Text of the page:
Electric Vehicles Team Update #1

This post is by Geena Chen, William Woo, Sophia Wu, Fay Yang

What did you do?
Yesterday we rode our bikes to three different sites around Tsinghua University to document our observations of electric vehicles in Beijing. First we stopped at a courtyard of elderly people’s apartments. Because citizens over the age of 60 are forbidden from driving gas-powered vehicles by law, many elderly citizens choose to drive electric vehicles. In the parking spaces around the buildings, we took pictures of six low-end electric vehicles, which were all refitted three-wheel bikes. We were not able to find any vehicle owners to interview at these sites, but William shared his expertise about the vehicles as we walked around so that we could all get a better idea of what the EV landscape is like in Beijing.

Our second site was an EV rental and charging station called Ecar. The parking lot was full, showing us that nobody had rented a vehicle at the time we were there. We took photos of the charging equipment and tried to speak with the employee on duty. Though we didn’t find out much, we plan to return when we have prepared interview questions.

Third and last, we went to The Great Electric Bike World, a store that used to carry four-wheel electric vehicles but now does not. We took photos of the different brands and varieties of electric bikes and scooters sold at the store, and spoke briefly with the store employees. We also plan to return there in the future.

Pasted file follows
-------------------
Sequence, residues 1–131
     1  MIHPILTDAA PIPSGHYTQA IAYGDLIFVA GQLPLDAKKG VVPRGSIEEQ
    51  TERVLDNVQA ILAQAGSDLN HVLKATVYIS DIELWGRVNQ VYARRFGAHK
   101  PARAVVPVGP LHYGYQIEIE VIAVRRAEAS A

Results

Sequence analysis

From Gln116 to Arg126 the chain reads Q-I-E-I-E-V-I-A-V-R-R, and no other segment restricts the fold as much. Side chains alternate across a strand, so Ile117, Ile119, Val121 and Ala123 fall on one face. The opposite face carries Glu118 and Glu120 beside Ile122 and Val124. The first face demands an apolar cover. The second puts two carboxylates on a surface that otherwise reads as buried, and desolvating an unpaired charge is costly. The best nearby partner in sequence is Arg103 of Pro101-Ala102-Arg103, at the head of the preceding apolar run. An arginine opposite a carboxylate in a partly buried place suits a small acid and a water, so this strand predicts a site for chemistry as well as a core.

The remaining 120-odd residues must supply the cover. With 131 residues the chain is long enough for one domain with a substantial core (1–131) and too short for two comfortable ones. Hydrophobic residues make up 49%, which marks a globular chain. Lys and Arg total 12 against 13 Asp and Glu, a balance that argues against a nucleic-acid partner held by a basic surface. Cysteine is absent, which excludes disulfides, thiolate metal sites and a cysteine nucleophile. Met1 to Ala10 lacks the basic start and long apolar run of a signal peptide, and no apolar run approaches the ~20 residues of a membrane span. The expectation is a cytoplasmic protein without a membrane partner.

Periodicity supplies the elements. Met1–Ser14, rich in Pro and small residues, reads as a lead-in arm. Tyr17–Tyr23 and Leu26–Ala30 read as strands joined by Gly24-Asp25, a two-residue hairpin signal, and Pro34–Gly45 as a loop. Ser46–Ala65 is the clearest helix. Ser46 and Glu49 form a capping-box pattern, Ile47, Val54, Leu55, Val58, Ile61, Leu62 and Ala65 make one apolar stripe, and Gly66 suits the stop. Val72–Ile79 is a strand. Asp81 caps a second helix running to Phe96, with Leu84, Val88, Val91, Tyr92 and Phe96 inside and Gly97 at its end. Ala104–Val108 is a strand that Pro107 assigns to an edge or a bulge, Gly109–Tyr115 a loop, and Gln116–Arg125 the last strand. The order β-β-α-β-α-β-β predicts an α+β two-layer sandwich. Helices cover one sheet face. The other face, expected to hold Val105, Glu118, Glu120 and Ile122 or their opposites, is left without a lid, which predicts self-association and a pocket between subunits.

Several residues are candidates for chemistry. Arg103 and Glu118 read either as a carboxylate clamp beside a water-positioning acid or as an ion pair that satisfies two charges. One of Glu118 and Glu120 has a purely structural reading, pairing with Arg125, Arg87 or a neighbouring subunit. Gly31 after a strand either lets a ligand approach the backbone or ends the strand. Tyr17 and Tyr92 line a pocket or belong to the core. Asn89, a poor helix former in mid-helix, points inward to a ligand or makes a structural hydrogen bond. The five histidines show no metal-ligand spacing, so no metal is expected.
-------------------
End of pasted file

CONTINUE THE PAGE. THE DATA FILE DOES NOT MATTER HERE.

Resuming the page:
Today, we spent the day in the classroom figuring out what future direction we want to take with our research. In our brainstorm we came up with research directions for users, businesses, NGOs, and government, but in the end we decided to focus on user research because we do not have easy access to information about the other main players in the EV scene. Our planned timeline is copied at the end.
Why does it matter?
Pollution in Chinese cities is severe, and petroleum will inevitably run out at some point in the future. In as many areas as possible, China is trying to decrease its dependence on nonrenewable sources of energy. Electric vehicles do not emit pollutants like petroleum vehicles do. Though EV are powered by electricity that is currently generated by burning coal, EV have the potential to use electricity provided by renewable energy sources in the future. In addition, battery and electric power technology are relatively mature technologies in China compared to hybrid engine technologies. Every year, users of EV increase significantly, and the government is taking steps to implement policies that will further encourage EV ownership. We believe it is important to research current barriers to increasing ownership and car sharing of EV so that future transitions to EV can go smoothly.

Where will you go from here?
We hope to investigate the main question of why both electric vehicle ownership and shared car programs have not yet taken off in Beijing. We plan to interview current EV owners, employees and/or a manager at Tesla, academics and researchers who specialize in the topic of EV, and those who work at charging and rental stations. In terms of a timeline, we hope to complete our interviews and online research by the end of Tuesday, continue to fill in gaps in our research on Wednesday, and start preparing our deliverable materials on Thursday and Friday.